Blaspheme against the Holy Spirit (Lk 12:10-12:10)

“Everyone

Who speaks a word

Against the Son of Man

Will be forgiven.

But whoever blasphemes

Against the Holy Spirit

Will not be forgiven.”

 

καὶ πᾶς ὃς ἐρεῖ λόγον εἰς τὸν Υἱὸν τοῦ ἀνθρώπου, ἀφεθήσεται αὐτῷ· τῷ δὲ εἰς τὸ Ἅγιον Πνεῦμα βλασφημήσαντι οὐκ ἀφεθήσεται.

 

Luke indicated that Jesus said that everyone who spoke a word (καὶ πᾶς ὃς ἐρεῖ λόγον) against the Son of Man (εἰς τὸν Υἱὸν τοῦ ἀνθρώπου) would be forgiven.  However, whoever blasphemes (βλασφημήσαντι) against the Holy Spirit (τῷ δὲ εἰς τὸ Ἅγιον Πνεῦμα) will not be forgiven (οὐκ ἀφεθήσεται).  There are similar statements to this in Mark, chapter 3:28-30, and Matthew, chapter 12:31-32.  It might be okay to disrespect the Son of Man, but it is quite another thing to speak against or blasphemy the Holy Spirit.  Blasphemy was profaning the name of God.  If you profaned the Holy Spirit you were hopeless.  Only God could forgive sins.  If you gave up on God and his Spirit, there was no hope of forgiveness.  The Son of Man was so human that you could be forgiven for speaking against the Son of Man, Jesus, but not the Holy Spirit.  Matthew indicated that Jesus told them with a solemn proclamation (Διὰ τοῦτο λέγω ὑμῖν) that God would forgive all human sins and blasphemies (πᾶσα ἁμαρτία καὶ βλασφημία ἀφεθήσεται τοῖς ἀνθρώποις).  However, he would not forgive the sin of blasphemy against the Spirit (ἡ δὲ τοῦ Πνεύματος βλασφημία οὐκ ἀφεθήσεται).  Humans could speak against the Son of Man (καὶ ὃς ἐὰν εἴπῃ λόγον κατὰ τοῦ Υἱοῦ τοῦ ἀνθρώπου) and be forgiven (ἀφεθήσεται αὐτῷ).  However, anyone who spoke against the Holy Spirit (ὃς δ’ ἂν εἴπῃ κατὰ τοῦ Πνεύματος τοῦ Ἁγίου) would not be forgiven (οὐκ ἀφεθήσεται αὐτῷ), either now or in the future (οὔτε ἐν τούτῳ τῷ αἰῶνι οὔτε ἐν τῷ μέλλοντι).  Mark had Jesus tell them with a solemn proclamation (Ἀμὴν λέγω ὑμῖν) that God would forgive all the sins of the sons of men (ὅτι πάντα ἀφεθήσεται τοῖς υἱοῖς τῶν ἀνθρώπων) as well as whatever blasphemies they utter (καὶ αἱ βλασφημίαι, ὅσα ἐὰν βλασφημήσωσιν).  These blasphemies were abusive or bad language about God.  However, the blasphemy against the Holy Spirit was in a class all by itself.   Mark indicated that Jesus said that whoever blasphemed against the Holy Spirit (ὃς δ’ ἂν βλασφημήσῃ εἰς τὸ Πνεῦμα τὸ Ἅγιον), would never be forgiven even in eternity (οὐκ ἔχει ἄφεσιν εἰς τὸν αἰῶνα).  He would be guilty of an eternal sin (ἀλλὰ ἔνοχός ἐστιν αἰωνίου ἁμαρτήματος).  Anyone who spoke against the Holy Spirit would not be forgiven either now or in the future, because this blasphemer had an unclean spirit (ὅτι ἔλεγον Πνεῦμα ἀκάθαρτον ἔχει).  Therefore, he could not be cleansed.  Have you ever derided the Holy Spirit?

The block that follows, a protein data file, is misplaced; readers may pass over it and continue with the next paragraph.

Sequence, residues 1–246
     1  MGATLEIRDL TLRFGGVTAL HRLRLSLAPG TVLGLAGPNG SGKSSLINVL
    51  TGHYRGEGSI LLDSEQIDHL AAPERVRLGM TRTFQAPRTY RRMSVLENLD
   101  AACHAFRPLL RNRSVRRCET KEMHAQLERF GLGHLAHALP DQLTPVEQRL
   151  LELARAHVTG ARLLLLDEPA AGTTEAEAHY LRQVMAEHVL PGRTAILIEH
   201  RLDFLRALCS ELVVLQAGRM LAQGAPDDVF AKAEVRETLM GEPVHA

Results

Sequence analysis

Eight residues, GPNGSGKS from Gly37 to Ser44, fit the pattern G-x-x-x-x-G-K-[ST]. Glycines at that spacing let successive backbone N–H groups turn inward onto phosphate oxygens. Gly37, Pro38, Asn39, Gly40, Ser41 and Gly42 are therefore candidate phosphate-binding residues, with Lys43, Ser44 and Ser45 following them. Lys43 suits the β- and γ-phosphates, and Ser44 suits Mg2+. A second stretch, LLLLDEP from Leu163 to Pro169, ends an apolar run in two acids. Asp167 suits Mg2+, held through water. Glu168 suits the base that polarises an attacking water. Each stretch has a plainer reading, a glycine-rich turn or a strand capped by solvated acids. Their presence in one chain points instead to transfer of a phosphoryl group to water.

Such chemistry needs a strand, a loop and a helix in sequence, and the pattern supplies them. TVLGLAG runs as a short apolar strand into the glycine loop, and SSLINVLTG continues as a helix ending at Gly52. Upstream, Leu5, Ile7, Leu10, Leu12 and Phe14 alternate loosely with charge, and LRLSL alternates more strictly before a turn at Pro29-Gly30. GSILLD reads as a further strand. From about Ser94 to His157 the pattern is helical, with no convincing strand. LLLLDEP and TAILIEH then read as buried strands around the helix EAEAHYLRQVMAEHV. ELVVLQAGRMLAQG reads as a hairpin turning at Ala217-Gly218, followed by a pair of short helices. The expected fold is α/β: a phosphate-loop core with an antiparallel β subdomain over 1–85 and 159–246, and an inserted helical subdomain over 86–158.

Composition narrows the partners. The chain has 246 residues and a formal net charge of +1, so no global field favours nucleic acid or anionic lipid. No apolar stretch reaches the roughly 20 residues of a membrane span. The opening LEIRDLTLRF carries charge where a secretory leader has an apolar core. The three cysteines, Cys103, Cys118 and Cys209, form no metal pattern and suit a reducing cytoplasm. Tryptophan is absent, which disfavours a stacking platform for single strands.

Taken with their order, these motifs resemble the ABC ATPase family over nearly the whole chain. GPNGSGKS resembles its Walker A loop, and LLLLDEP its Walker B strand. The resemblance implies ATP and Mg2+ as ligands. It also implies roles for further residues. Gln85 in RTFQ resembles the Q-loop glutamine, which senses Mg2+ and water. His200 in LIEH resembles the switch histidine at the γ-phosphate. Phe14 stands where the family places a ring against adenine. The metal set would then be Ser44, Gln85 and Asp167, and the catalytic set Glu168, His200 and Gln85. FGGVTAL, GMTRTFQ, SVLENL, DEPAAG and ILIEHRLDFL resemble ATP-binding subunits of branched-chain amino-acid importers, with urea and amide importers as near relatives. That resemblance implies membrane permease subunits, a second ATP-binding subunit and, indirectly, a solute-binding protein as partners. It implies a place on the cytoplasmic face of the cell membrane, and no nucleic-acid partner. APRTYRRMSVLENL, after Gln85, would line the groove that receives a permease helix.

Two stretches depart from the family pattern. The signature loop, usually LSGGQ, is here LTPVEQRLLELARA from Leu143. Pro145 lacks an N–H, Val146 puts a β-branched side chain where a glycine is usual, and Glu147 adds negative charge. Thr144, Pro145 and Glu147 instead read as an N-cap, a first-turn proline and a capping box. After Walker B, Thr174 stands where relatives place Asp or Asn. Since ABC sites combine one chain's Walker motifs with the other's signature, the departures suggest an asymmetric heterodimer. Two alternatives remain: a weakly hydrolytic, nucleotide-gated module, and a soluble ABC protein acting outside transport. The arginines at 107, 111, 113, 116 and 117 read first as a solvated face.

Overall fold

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Forgive others! (Lk 6:37-6:37)

“Forgive!

Then you will be forgiven.”

 

ἀπολύετε, καὶ ἀπολυθήσεσθε·

 

Luke indicated that Jesus told his followers to forgive others (ἀπολύετε).  Then they would be forgiven (καὶ ἀπολυθήσεσθε).  This saying about forgiveness seems similar to Mark, chapter 11:25, and Matthew, chapter 6:14-15.  Mark indicated that Jesus said that whenever they would stand and pray, they should forgive others, especially if they had anything against anyone.  Then their heavenly Father would also forgive them.  Matthew had Jesus say that their heavenly Father would forgive them if they forgave others for their missteps or trespasses.  On the other hand, if they did not forgive others, their heavenly Father would not forgive them.  This came right after the “Our Father” prayer in Matthew.  Do you really forgive other people?

Glorifying God (Lk 5:25-5:25)

“Immediately,

The paralytic stood up

Before them.

He took

What he had been

Lying on.

He went to his home.

He was glorifying God.”

 

καὶ παραχρῆμα ἀναστὰς ἐνώπιον αὐτῶν, ἄρας ἐφ’ ὃ κατέκειτο, ἀπῆλθεν εἰς τὸν οἶκον αὐτοῦ δοξάζων τὸν Θεόν.

 

The paralyzed man did exactly what Jesus told him to do.  He got up and went to his home.  Jesus had forgiven this man his sins and at the same time cured him of paralysis.  Normally, the power to forgive sins was what only God could do.  Luke said that this paralytic stood up before them (καὶ παραχρῆμα ἀναστὰς ἐνώπιον αὐτῶν).  He took his bed that he had been lying on (ἄρας ἐφ’ ὃ κατέκειτο) and went home (ἀπῆλθεν εἰς τὸν οἶκον αὐτοῦ).  At the same time, he was glorifying or praising God (δοξάζων τὸν Θεόν).  Mark, chapter 2:12, and Matthew, chapter 9:7-8, are similar to Luke, so that Mark might be the source of this saying.  Mark said that the paralyzed man did exactly as Jesus had told him to do.  He stood up and immediately took his pallet bed in front of everybody.  Jesus had forgiven this man’s sins and cured him of paralysis.  How was the power to forgive sins, which only God could do, related to his healing powers?  How were these powers related?